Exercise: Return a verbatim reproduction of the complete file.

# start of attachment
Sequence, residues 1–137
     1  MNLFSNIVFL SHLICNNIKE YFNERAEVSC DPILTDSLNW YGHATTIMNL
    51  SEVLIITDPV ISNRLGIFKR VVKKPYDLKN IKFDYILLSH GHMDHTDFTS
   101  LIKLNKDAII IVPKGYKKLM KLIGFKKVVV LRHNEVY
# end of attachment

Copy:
Sequence, residues 1–137
     1  MNLFSNIVFL SHLICNNIKE YFNERAEVSC DPILTDSLNW YGHATTIMNL
    51  SEVLIITDPV ISNRLGIFKR VVKKPYDLKN IKFDYILLSH GHMDHTDFTS
   101  LIKLNKDAII IVPKGYKKLM KLIGFKKVVV LRHNEVY